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f you’re sleeping somewhere other than home, beware. Bedbug prevalence is on the rise, and hotels and motels are some of their favorite hangouts. These pesky critters can cause severe itching and welt-like bites, and it’s costly to get rid of them if they follow you home. What’s more, research suggests they can cause financial distress, anxiety, and social isolation. But no need to get depressed just yet. With these easy tips, you can cut your chances of critter trouble while on the road. 1. Head Straight for the Bathroom Before you check out your hotel room’s mini bar or oceanfront view, give it a thorough bedbug inspection — and until you’ve done that, stash your luggage in the loo. “Bedbugs are least likely to be found in the bathroom,” says Missy Henriksen, vice president of public affairs for the National Pest Management Association. “They don’t like the tile floors and there aren’t as many hiding places. They like to be closer to where people may be sleeping.” 2. Inspect the Bed Here’s how to check for a bedbug infestation: Pull back the linens and check all the way around and under the mattress and behind the headboard. Look for blood stains or small black dots that look like mold or ground pepper, says Christine Johnson, Ph.D., a behavioral ecologist in the American Museum of Natural History’s Division of Invertebrate Zoology in New York City. Check for the critters too. Bedbugs are about the size and shape of an apple seed, and you may find them hiding in corners or seams of the bedding. If you see any suspicious signs, alert the hotel staff immediately. 3. Check The Room Next, broaden your bedbug search to the area immediately surrounding the bed: behind picture frames, under the telephone and alarm clock, and even in books, says Johnson. Studies have shown that most bedbugs are found in or within 15 feet of a bed, but some may still be further away. Check in the cushions and seams of any couches or soft chairs and in the closet before putting your clothes away. 4. Keep Luggage Off the Ground Leaving suitcases and bags on the floor — or on a second spare...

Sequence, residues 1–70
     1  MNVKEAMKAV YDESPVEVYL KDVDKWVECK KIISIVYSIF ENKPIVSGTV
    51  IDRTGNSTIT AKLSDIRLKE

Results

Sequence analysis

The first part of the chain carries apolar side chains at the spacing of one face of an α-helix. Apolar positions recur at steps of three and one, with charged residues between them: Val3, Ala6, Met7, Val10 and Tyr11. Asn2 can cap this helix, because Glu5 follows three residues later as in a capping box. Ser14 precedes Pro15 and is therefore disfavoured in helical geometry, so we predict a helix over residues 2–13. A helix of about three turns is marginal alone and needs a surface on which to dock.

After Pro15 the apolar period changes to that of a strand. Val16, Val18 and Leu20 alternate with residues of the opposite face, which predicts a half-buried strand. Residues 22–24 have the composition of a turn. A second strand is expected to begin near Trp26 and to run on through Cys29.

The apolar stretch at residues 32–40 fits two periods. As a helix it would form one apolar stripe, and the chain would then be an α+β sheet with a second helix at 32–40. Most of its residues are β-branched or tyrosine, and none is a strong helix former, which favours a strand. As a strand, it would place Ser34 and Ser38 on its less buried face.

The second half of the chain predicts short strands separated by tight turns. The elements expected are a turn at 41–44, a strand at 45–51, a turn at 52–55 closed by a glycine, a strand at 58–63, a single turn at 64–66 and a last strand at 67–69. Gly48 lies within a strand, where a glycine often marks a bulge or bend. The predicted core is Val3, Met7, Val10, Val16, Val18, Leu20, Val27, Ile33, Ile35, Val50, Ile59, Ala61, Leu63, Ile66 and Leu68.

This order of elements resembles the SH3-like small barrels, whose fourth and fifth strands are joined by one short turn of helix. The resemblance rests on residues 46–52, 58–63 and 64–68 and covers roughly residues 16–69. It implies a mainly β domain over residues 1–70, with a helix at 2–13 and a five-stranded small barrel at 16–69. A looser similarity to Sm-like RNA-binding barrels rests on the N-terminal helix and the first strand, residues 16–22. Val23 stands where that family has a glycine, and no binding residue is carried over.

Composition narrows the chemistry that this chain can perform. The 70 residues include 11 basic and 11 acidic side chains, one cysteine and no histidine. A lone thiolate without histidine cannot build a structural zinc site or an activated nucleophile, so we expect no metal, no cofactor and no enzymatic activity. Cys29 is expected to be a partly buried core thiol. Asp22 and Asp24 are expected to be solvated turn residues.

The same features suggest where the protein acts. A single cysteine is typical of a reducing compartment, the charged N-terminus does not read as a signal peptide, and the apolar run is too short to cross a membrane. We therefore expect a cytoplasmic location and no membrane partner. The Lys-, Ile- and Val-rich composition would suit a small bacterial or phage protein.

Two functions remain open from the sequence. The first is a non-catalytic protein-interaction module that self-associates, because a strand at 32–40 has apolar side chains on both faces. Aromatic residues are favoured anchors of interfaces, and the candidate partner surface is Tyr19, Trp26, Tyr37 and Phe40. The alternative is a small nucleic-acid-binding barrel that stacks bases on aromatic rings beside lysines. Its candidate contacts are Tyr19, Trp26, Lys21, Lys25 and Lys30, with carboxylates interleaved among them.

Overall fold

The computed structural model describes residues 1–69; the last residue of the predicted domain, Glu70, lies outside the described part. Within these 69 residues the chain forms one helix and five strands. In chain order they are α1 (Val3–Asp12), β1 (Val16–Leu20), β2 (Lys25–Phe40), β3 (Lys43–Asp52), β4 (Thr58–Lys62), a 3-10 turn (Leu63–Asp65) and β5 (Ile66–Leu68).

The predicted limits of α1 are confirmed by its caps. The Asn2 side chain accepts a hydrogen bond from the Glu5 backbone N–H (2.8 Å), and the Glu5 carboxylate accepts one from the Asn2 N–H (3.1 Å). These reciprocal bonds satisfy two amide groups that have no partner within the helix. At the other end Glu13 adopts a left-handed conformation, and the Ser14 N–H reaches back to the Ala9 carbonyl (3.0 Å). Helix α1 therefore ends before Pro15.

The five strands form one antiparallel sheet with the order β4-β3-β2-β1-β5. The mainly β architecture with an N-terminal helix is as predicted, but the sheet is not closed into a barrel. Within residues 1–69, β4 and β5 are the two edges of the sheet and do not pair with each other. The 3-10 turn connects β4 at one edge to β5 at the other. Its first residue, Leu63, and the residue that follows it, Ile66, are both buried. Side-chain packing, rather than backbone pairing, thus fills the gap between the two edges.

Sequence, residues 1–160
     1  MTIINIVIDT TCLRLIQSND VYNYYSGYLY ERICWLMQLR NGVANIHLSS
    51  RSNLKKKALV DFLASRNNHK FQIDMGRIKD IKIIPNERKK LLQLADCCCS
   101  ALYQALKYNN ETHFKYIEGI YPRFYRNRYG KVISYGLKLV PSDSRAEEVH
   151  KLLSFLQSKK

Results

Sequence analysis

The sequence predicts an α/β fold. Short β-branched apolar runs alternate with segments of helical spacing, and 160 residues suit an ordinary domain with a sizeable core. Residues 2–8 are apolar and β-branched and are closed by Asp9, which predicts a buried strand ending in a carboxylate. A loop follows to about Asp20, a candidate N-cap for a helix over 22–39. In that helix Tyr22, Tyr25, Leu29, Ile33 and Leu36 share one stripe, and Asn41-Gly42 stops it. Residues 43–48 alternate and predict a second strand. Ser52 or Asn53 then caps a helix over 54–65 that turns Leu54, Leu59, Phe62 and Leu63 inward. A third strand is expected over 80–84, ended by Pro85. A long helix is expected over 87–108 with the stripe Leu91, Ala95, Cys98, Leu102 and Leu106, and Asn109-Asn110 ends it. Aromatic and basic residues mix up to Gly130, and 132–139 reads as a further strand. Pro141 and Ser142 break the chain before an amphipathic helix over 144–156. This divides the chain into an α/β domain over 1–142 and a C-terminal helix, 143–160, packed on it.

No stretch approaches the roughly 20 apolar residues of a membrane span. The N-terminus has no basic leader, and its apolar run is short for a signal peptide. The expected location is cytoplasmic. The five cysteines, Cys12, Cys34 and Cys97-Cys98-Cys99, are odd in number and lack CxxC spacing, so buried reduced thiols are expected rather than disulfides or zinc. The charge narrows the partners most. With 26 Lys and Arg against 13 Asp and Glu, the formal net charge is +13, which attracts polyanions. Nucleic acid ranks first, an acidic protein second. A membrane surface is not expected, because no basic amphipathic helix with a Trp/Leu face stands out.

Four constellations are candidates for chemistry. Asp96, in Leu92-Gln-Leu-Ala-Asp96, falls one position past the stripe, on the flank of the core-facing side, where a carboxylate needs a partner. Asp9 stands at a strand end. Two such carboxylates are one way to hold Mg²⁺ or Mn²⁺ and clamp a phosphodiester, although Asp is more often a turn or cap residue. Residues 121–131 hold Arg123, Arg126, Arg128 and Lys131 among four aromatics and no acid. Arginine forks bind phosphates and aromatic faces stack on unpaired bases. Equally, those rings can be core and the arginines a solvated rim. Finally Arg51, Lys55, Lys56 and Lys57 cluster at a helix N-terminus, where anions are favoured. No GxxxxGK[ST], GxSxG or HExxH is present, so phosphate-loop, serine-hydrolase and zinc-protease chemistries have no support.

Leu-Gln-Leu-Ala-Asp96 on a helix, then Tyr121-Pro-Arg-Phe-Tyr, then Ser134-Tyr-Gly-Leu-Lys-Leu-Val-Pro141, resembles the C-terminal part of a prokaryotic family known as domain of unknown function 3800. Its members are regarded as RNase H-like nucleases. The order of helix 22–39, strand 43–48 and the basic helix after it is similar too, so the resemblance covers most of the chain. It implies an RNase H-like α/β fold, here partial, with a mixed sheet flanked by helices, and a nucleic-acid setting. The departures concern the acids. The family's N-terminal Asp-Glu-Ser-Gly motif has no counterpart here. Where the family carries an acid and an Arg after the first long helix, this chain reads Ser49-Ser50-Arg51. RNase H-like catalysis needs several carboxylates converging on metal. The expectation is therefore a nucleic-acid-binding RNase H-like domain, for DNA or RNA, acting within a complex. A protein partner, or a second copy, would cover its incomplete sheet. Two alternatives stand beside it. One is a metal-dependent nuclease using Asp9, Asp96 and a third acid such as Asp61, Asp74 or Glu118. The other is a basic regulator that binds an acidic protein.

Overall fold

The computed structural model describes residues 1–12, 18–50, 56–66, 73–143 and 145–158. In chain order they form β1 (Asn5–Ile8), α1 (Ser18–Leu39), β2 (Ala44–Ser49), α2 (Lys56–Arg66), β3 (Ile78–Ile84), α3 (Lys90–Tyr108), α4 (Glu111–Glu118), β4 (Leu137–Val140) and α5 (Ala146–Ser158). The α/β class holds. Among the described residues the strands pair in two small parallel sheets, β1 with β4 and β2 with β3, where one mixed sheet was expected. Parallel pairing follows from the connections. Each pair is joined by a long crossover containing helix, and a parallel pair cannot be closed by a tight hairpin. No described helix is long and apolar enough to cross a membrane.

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Bed Bugs

Bed Bugs are the world’s greatest hitch-hikers, and can make themselves so flat they hide undetected in crevices and creases. They live on warm blood, inside buildings and thrive in warm temperatures. Bed bugs spend most of their time in hiding but come out to feed once every few days; feeding promotes molting and reproduction. After feeding at night, they then scurry under or between something. Bed Bugs can live without nourishment (blood) for over 1 year and have become highly resistant to pesticides. So they are extremely difficult to abolish. Bedbugs have become such an issue that there’s a dedicated site, bedbugregistry.com, where experiences are shared and hotels are named and shamed. (I’d take it with a grain of sea salt, as contributors are anonymous.) In New York there were 500 cases of bedbug infestation in the city (not just hotels) reported in 2004. That rose to 10,000 cases in 2009 and is still on the...